Remember The Matrix? It was one of those late-90’s/early 2000’s movie trilogies that was actually really cool, but everyone got sick of it because the pop-culture references to it began to choke the life out of us. I remember seeing commercials for credit cards trying to bum rides off The Matrix. Commercials for Aflac. Cars named themselves after it. We all got excited in high school algebra when we studied matrixes (well, technically, I think it’s ‘matrices’…..but that’s just not cool enough for 2000’s high school pop culture.) I saw 8 million movies trying to be it. I saw another 8 million movies try to spoof it. People even named their kids ‘Neo’ (well, not really). The worst are churches. We’re still calling our youth groups ‘The Matrix’ and the first movie came out almost 10 years ago now. Just one of those movies…… I used to love it……. then marketing did it’s thing of taking something cool and holding on for dear life until it has squeezed every last drop of coolness out of it.
This is a CGI rendering for some reason of Keanu Reeves, who uses his incredible Point-Break-esque acting skills to portray Neo in the Matrix movies. The best thing about him is that is that with CGI it is really hard to portray emotion. But since Keanu is incapable of portraying emotion, it makes the computer graphics guy’s job much easier.
See what I mean? This is Keanu trying to show emotion. ‘Whoa.’ ‘Where am I?’ ‘Is this the Matrix?’ ‘Is the camera rolling yet?’ ‘Excellent!’……. wait…… that’s from this movie:
So anyway, there’s this line in the second Matrix movie (I think) where someone says to someone else, ‘You do not truly know someone until you fight them.’ Now truthfully, even before pop-culture killed this movie, I thought that line was kind of cheesy. Just one of those lines they put in movies so they have an excuse to have lots of fighting. ‘Wait, they just met, why are they already…… oh, wait….. they’re just getting to know each other.’
But for some reason, that dumb line stays in my mind every time I get a new piece of guitar gear. Because I just have to take it apart. And for the oddest reason ever, the line comes into my mind, ‘You never really know a piece of guitar gear until you take it apart’…………. or in my mind, until I fight it. Because it’s usually a fight for me to take apart and put gear back together. It’s like my motor skills didn’t quite develop properly or something. I suck at mechanical stuff…… but nevertheless, I’m just not happy until I take things apart.
So, yesterday, I changed out the pickups in my Melancon Strat.
(I do love this guitar…..more than I love many people.)
I love the sound of this guitar with the Lollar Blonde pickups that it came with from whomever I bought it from secondhand, but I have had to roll off on the tone knob for the bridge pickup to take away some treble that has a bit too much bite in my guitar. And that works, but it takes away just enough definition in the pickup to bother me. So, I read some reviews and such, and decided on a set of Lindy Fralin Blues with a bassplate on the bridge pickup.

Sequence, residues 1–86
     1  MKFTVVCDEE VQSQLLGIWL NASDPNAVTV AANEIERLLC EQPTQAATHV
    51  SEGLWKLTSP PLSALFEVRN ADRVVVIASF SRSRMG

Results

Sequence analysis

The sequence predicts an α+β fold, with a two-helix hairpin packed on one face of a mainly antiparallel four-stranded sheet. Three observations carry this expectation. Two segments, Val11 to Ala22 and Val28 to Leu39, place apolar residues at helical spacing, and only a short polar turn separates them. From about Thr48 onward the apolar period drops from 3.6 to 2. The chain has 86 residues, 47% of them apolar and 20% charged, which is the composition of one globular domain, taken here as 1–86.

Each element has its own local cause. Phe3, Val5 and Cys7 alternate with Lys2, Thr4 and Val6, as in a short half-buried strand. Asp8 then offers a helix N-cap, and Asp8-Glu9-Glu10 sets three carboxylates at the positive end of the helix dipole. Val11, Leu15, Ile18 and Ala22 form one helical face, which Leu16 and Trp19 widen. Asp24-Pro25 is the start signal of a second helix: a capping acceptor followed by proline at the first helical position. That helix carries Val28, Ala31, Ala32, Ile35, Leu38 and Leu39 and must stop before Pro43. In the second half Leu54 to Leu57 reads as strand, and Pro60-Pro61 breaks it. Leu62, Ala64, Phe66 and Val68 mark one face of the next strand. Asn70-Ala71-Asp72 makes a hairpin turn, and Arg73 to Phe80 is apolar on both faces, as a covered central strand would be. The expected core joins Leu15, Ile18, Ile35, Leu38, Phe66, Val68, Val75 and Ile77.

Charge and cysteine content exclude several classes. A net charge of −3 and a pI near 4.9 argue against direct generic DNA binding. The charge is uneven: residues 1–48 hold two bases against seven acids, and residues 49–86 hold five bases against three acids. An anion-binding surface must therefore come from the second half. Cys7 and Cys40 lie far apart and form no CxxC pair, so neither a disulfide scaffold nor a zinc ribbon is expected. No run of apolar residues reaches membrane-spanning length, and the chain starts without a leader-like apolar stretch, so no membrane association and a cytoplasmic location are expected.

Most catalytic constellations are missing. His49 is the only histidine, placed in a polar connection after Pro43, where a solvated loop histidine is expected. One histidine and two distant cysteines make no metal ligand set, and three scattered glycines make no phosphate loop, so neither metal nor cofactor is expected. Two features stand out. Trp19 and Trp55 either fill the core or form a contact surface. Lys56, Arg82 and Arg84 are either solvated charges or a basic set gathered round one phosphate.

Now, here’s where the getting to know your gear happens. I take apart the guitar and discover these things:
1. Sweet mercy, Gerard Melancon really takes pride in his work. I knew the wood would be good under the pickguard because the guitar is all one piece, but it’s even finished underneath the pickguard. And there are carefully carved out holes for the pickup screws to recess and pots to recess into. Just beautiful. And the wiring and solder work is top notch and extremely neat. Made changing out the pickups a cinch (hehe, ’90’s word). The last Strat I worked on was an ’81 Ibanez, and it was a nightmare underneath the pickguard. It took me all day to change out two pots and a switch. Melancon, props.
2. Jason Lollar also knows how to make his stuff. Very neat and particular.
3. Hmmm…..the pickups are clearly marked ‘Lollar Tweed.’
(Lollars are awesome…..just not what I’m looking for in an ash wood guitar right now…but in a Tele…..mmmm)
When I bought the guitar, it being an ash guitar, I did want to make sure the pickups weren’t too bright. And I thought from the ohm readings that Lollar Blondes would be cool. And hey, now I know, they might have been. But I have no idea…..because what I had been told from the seller were the darker sounding Blondes, were actually the brighter Tweeds. hehe Good times. No wonder it was bright.
And long story (I know, I have a problem with that) short, the Lindy Fralin’s are definitely fitting the bill in this guitar. I’m able to maintain the clarity and definition by keeping the tone knobs up, but also getting what is in my humble opinion killer Strat tone. The kind of Strat tone I like……not too quacky, but nice and mellow and warm, and ‘Straty’ when pushed with the treble pickup, without the treble tearing your head off. Lovin’ it.
So, when money finally comes in (meaning, check this blog 20 years from now for that), and I maybe get a second Strat with an alder body, I might try some Lollars in it. They’re great pickups, and have a certain sweetness to them. Their brightness might balance a bit with alder. And the dark Fralins seem to balance quite well in ash. Extremely well. They sound awesome.
Their sound can only be described in the words of the untold acting skills of Keanu Reeves:
hehehe…………..Keanu is funny (but does make much more money than I do),